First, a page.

The first is the explosive growth in white nationalist groups. While longstanding white supremacist movements like the Klu Klux Klan have continued to dwindle, newer styles of internet-savvy white organizations have grown explosively. The 148 groups of this type identified by the SPLC represent a 50% increase on 2017.

White nationalist groups like Identity Evropa have been prominently involved in a wave of flyer distribution, which has escaped its former confines on college campuses and into the “public domain”. The level of flying and related actions, like banner drops, has been “unprecedented” according to the SPLC.

The second area of extensive growth has been in the catch-all category of “general hate”. That growth is largely as a result of the growth of the “western chauvinist” group, the Proud Boys, who the SPLC says now have 44 chapters in 31 states.

It describes the Proud Boys’ attendance at frequently violent street rallies as “the most relentless campaign of rightwing street violence in recent memory”.

The Proud Boys have recently cemented their links with people in high levels of the Republican party. Last week, Proud Boys chairman Enrique Tarrio was given pride of place at a Trump rally in Miami. The month before, Tarrio was a prominent visitor to Roger Stone in the wake of his arrest by the FBI. Stone himself has been frequently photographed with Proud Boys, and the Proud Boys often flourish a video of stone apparently being initiated in some way into the group.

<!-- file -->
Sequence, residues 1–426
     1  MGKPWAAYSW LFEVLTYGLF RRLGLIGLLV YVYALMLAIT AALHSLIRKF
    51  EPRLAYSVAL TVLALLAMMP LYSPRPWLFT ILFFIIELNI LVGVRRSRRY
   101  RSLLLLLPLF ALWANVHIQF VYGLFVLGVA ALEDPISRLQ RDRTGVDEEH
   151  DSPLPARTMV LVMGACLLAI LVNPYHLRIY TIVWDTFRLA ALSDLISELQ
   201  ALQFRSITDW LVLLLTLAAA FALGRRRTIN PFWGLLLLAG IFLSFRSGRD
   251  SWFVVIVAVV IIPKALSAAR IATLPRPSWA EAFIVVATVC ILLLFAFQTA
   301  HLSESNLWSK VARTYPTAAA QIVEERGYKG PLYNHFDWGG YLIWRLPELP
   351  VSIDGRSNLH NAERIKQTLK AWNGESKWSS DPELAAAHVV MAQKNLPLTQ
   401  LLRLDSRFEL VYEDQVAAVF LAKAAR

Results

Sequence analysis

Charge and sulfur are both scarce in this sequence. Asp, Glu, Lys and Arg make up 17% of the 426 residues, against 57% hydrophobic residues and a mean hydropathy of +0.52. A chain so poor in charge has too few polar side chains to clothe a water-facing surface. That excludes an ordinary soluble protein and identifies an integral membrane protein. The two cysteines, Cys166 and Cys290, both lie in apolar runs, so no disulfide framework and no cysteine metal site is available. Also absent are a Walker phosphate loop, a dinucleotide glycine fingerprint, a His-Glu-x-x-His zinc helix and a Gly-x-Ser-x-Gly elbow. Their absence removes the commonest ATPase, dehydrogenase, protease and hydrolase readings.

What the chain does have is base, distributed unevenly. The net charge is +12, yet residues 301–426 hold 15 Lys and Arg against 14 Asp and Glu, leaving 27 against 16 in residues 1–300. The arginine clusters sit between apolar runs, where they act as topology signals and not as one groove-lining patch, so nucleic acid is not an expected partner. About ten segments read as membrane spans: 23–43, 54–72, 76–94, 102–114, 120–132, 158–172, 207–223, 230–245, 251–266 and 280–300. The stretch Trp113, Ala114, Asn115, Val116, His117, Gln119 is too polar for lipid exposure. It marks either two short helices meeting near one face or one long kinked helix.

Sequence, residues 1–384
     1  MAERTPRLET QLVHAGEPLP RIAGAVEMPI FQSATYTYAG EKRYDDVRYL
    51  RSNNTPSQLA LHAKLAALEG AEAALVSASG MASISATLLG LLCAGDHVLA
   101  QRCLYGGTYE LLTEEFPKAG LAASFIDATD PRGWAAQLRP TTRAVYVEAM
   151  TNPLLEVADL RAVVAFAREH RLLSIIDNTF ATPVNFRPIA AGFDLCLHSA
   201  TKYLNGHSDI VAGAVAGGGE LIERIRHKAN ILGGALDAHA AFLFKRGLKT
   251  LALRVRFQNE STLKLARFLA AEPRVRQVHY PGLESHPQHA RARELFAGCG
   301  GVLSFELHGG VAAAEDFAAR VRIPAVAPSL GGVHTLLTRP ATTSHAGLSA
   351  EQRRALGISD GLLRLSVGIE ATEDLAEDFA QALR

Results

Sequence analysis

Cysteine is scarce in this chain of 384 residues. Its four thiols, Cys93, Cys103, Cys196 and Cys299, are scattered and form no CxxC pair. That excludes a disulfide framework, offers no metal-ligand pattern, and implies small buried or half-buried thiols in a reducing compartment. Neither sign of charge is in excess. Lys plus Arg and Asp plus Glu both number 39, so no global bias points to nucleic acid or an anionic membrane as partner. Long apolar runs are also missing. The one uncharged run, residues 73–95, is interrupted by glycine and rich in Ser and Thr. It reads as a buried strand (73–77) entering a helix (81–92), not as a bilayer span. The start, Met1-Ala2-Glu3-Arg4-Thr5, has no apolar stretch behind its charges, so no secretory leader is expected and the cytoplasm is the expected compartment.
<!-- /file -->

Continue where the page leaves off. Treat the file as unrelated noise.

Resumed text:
The SPLC’s description of the group in these terms comes in the face of a lawsuit launched by founder Gavin McInnes against the organization earlier this month. McInnes’s suit is one of a number launched by rightwing figures who object to the SPLC’s classification or monitoring of their activities.

Asked about the lawsuits pending against the SPLC by McInnes and the Center for Immigration Studies, Beirich said: “We stand by our hate group listings”.

Repeatedly, Trump himself is singled out by the SPLC report, and his Twitter account in particular is nominated for pushing “noxious anti-immigrant and anti-Muslim views”.

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-20 # Cowboy 45 2019-02-20 18:21
Bullshit. That all depends what is considered a hate group. Covington Catholic, and any organization that supports free speech, is pro American, conservative, or anyone wearing a MAGA hat. There is more hate on this website than any hate group I am aware of.
+7 # rl2014 2019-02-20 21:51